All Art Friday
All Art Friday Spotlights
✦ Glass, not thread or yarn, is the material Catherine Carr uses to create her gorgeous one-of-kind, hand-crocheted and -knitted sculptures (see the image at left) that have the look and feel of centuries-old textiles. Carr also has devised a technique for turning old photographs into glass art by permanently fusing a copy of the image into glass. Carr's work is on tour in the United Kingdom through June. (My thanks to Looking at Glass, which introduced this stunning artist in a January post.)
✦ The only collection of suffrage campaign cartoons by Nina Allender (1872-1957), who created more than 150 cartoons, most of which were original drawings, for The Suffragist and Equal Rights, publications of the National Women's Party, is thought to be housed at Washington, D.C.'s Sewall-Belmont House and Museum. Many of the cartoons are in need of cleaning, repairing, and stabilization. The museum has created the Adopt-an-Allender program to underwrite conservation of the work of this significant political artist. More than 100 Allender cartoons (a list for the collection is here) are available for "adoption"; both individuals and corporate donors are welcomed. Here's one example from the collection:
Nina E. Allender, Dinner Will Be Spoiled, 1918
Nina Allender Political Cartoon Collection
Sewall-Belmont House & Museum
Sewall-Belmont on FaceBook and Twitter
Craft Inc.: The Ultimate Guide to Turning Your Creative Hobby Into a Successful Business (Chronicle Books, 2011). In this revised edition, Ilasco, who is a designer and illustrator, covers all the bases, from product conception and development, to materials sourcing, to operating a Web shop and using social media to sell your work. Checklists keep you focused on basics.
Go here for a 16-page look inside.
Go here for a 16-page look inside.
Exhibitions Here and There
✭ An exhibition to celebrate a gift of more than 300 artworks collected by Milwaukee, Wisconsin, businessman Anthony Petullo is on view through May 6 at Milwaukee Art Museum. In "Accidental Genius: Art from the Anthony Petullo Collection", MAM features more than 200 self-taught artists, among them Henry Darger, Minnie Evans, Martin Ramirez, Freidrich Schroder-Sonnenstern, Bill Traylor, Adolf Wolfli, and Anna Zemankova. Petullo's is one of the most significant collections of "outsider" artists; amassed over three decades, it has been shown around the United States, and objects from the considerable holdings have been loaned to museums and galleries around the world.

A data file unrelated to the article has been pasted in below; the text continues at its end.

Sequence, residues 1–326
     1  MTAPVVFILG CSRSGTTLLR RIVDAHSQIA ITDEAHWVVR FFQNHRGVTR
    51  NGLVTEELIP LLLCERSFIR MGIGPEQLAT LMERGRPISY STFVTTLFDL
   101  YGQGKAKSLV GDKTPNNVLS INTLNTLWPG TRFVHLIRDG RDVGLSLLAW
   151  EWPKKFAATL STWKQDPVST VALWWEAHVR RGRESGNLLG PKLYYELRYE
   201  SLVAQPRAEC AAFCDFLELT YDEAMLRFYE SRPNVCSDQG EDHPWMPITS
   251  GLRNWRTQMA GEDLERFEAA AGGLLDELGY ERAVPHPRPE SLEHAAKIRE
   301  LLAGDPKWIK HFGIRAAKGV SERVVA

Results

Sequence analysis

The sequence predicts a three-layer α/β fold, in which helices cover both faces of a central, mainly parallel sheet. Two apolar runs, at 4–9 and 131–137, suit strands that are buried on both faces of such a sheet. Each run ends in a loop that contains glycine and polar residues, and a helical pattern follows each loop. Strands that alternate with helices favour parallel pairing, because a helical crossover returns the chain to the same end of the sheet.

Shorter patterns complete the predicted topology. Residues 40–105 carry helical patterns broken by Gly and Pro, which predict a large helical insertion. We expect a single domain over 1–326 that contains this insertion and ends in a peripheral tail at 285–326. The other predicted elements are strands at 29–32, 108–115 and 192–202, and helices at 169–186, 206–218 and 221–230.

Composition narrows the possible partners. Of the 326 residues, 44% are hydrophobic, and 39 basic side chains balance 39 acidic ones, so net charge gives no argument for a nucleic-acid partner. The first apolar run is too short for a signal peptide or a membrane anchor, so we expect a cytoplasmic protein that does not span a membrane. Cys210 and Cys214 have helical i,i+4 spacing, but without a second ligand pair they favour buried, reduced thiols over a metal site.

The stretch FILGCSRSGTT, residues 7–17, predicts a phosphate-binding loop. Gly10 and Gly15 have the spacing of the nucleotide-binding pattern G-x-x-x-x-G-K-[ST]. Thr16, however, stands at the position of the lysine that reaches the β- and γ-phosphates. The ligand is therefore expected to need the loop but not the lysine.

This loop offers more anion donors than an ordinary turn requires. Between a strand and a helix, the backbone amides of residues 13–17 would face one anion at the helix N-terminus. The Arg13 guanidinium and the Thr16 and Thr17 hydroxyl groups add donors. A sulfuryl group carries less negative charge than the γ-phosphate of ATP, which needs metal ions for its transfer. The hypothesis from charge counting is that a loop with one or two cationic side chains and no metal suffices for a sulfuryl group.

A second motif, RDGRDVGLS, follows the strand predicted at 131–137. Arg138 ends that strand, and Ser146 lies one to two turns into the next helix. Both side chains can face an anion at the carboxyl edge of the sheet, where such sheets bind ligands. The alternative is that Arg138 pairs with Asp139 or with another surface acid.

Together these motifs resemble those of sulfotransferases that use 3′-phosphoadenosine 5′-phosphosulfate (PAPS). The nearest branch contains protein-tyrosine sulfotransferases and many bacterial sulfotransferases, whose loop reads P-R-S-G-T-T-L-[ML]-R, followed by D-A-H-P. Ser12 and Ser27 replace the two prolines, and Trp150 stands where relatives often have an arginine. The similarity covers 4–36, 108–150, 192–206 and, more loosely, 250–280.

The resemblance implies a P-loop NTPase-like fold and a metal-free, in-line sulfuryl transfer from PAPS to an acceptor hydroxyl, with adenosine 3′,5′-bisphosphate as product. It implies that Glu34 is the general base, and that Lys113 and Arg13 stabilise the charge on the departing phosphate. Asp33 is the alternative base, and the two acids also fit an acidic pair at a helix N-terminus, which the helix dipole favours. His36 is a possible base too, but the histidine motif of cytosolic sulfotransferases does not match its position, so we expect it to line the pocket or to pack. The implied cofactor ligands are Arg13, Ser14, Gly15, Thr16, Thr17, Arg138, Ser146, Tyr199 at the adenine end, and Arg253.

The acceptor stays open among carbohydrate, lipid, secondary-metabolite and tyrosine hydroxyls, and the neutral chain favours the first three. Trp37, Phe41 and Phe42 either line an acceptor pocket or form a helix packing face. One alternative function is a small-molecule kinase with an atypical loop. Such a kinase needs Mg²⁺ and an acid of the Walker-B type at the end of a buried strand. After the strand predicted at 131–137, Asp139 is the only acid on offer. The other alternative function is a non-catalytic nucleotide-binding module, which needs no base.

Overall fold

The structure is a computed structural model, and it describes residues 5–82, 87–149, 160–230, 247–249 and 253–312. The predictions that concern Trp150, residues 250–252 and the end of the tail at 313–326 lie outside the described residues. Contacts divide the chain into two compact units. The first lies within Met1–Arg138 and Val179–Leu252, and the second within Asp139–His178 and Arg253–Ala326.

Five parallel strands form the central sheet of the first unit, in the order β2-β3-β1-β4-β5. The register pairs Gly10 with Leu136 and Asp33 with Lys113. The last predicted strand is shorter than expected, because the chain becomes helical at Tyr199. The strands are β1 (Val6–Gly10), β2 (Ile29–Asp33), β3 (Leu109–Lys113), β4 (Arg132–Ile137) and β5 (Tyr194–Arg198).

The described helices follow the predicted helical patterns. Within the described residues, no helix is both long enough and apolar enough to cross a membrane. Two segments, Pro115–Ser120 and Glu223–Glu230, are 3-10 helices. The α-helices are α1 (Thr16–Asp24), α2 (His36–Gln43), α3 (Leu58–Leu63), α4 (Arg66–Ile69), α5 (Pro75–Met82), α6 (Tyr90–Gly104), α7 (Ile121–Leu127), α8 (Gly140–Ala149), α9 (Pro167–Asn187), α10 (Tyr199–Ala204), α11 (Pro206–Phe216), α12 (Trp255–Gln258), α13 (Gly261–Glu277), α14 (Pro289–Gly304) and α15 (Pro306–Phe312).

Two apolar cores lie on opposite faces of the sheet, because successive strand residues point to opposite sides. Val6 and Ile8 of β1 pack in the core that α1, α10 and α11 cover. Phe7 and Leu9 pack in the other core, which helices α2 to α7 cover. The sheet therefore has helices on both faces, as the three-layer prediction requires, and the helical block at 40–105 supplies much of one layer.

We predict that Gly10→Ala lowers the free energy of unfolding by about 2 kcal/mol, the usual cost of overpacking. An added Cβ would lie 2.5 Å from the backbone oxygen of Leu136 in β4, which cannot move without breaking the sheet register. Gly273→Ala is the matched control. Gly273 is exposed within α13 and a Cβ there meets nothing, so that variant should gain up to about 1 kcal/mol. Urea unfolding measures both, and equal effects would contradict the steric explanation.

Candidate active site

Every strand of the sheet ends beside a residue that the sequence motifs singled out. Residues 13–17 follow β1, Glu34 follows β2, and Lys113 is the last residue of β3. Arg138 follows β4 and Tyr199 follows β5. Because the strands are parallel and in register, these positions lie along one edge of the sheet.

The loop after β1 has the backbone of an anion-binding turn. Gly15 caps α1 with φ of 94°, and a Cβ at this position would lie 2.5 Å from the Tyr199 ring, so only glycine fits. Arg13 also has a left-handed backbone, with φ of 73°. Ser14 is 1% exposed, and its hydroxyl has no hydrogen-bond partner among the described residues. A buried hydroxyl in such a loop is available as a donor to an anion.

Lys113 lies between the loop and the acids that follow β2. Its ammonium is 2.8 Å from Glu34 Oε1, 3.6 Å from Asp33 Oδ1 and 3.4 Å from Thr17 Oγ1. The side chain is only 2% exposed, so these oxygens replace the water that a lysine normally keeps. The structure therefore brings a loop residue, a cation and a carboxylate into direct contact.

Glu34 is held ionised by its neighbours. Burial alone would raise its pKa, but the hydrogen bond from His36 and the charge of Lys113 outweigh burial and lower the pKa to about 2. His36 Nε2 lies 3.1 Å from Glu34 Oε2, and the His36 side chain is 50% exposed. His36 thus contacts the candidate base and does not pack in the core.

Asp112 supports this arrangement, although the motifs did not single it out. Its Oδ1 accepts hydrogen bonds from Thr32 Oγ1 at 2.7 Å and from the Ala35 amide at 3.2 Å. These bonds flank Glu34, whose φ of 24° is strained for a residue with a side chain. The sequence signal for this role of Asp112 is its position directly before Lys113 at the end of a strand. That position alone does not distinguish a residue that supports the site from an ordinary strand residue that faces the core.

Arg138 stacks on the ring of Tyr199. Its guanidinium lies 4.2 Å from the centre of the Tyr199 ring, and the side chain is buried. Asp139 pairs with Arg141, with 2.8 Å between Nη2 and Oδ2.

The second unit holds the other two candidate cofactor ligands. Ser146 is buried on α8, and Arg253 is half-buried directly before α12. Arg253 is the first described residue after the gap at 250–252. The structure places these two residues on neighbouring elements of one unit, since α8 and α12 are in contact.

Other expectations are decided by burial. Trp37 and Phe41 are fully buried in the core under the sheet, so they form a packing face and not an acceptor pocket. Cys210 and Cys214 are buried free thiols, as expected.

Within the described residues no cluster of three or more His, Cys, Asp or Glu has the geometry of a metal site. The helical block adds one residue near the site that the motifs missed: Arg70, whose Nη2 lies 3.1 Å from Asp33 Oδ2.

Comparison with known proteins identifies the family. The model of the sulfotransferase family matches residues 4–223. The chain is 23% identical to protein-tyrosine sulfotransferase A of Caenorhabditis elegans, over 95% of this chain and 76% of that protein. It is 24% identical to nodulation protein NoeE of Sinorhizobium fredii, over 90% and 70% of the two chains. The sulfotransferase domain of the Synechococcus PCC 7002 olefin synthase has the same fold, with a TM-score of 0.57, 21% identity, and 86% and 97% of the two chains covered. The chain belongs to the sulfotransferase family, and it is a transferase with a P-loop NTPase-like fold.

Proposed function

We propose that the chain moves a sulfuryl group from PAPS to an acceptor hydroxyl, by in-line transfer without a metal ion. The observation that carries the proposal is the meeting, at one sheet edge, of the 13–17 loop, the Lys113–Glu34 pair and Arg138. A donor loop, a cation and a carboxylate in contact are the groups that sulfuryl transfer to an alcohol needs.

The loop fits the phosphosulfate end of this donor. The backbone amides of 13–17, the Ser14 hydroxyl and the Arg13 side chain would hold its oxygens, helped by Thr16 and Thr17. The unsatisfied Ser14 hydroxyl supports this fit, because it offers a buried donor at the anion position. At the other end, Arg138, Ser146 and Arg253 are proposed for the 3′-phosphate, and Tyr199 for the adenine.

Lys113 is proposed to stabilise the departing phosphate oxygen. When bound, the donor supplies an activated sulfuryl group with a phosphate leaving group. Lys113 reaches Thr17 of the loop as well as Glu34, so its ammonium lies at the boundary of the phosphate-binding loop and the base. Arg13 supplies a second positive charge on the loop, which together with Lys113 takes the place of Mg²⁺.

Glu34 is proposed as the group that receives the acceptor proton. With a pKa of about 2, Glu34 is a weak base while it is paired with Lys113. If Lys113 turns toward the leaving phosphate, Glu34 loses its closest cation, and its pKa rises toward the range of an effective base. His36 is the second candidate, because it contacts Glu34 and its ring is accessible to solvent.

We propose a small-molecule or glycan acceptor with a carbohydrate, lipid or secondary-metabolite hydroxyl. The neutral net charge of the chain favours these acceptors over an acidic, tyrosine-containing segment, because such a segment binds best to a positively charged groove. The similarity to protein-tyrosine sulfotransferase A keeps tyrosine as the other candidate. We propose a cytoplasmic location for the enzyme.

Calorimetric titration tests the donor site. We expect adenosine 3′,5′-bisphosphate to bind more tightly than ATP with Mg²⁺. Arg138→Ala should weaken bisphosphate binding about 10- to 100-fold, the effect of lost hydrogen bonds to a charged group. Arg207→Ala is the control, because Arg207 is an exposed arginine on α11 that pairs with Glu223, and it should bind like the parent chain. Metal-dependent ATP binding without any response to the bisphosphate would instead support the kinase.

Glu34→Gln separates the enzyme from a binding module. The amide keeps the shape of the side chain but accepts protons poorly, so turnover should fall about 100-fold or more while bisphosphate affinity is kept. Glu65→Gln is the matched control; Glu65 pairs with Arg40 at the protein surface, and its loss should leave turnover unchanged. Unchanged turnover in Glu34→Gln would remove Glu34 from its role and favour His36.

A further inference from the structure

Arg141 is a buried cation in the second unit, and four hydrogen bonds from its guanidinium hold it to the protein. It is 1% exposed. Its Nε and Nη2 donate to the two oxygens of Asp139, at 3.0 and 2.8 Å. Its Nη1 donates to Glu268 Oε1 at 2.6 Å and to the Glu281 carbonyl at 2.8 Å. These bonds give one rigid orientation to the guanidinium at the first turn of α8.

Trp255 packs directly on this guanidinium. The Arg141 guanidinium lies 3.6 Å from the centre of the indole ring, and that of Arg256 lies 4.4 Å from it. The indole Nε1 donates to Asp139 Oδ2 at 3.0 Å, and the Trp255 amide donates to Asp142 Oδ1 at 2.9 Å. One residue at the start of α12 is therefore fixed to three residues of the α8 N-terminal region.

Scottie Wilson, Blue Birds in theTree, c. 1960
Crayon and Ink on Paper, 25-5/8" x 20-1/2"
The Anthony Petullo Collection M2012.250
Photo Credit: Larry Sanders
Brief profiles of all the artists in the exhibition are here (pdf). A selection of images may be viewed here. Gallery talks, panels, films, and lectures during the exhibition's run are listed here. The exhibition Website also features a range of informative videos, including an introduction to outsider art, the art of Scottie Wilson, and a five-part series with Petullo (Part 1 is here).
MAM Blog, Under the Wings
✭ At its West Building, the National Gallery of Art, Washington, D.C., has mounted "Picasso's Drawings, 1890-1921: Reinventing Tradition". On view through May 6, the show's 55 works, created over three decades, include selections from academic exercises as well as mature achievements in cubism and collage.
Pablo Picasso, Self-Portrait, 1901-02
Ailsa Mellon Bruce Collection
National Gallery of Art
✭ In observance of the Year of the Dragon, Washington, D.C.'s wonderful Textile Museum is presenting year-long, until January 6, 2013, "Dragons, Nagas, and Creatures of the Deep", drawing on its collections of 16th Century to 20th Century textiles to feature the legendary dragons, divine snakes ("nagas"), and other mythical sea beasts decorating clothese and furnishings.
Pillar Rug, China, Ningzia, 19th Century
Collection of George Hewitt Myers
✭ Philadelphia's Snyderman-Works Galleries presents the 8th International Fiber Biennial through April 28, showcasing the work of more than 50 artists using materials as diverse as knotted hemp, embroidery floss, children's barrettes, silk, metallic thread, walnut bark, woven telephone wire, and carved tires and Mexican shawls. A list of the artists and a selection of images is here.
✭ Patricia S. Ward's installation Re/Vision, a replica of her workspace complemented by miniature books and book objects crafted from shredded pieces of an unpublished novel, is on view at The Center for Book Arts in New York City. The installation is described as a reflection on loss, nostalgia, and war. (Ward was raised in war-time Beirut, Lebanon; she is the author of The Bullet Collection (Graywolf Press, 2003) and has published short stories, poems, and essays.) The exhibition runs through March 31.
Patricia S. Ward, Transformation (Front View), 2008
Tunnel Book with Casing, 4-3/8" x 3" x 1-1/4"
Bristol Board (Casing), Shreds, Index Cards, Ink, Acrylic Paint
© Patricia S. Ward
Also on view at the center through March 31: "Fine and Dirty", on letterpress work; and "Ethan Shoshan: Strange Birds", a collaboration presenting "an archive of 31 treasured objects and their accompanying conversations" about their meaning to their caretakers.
Installation View of Re/Vision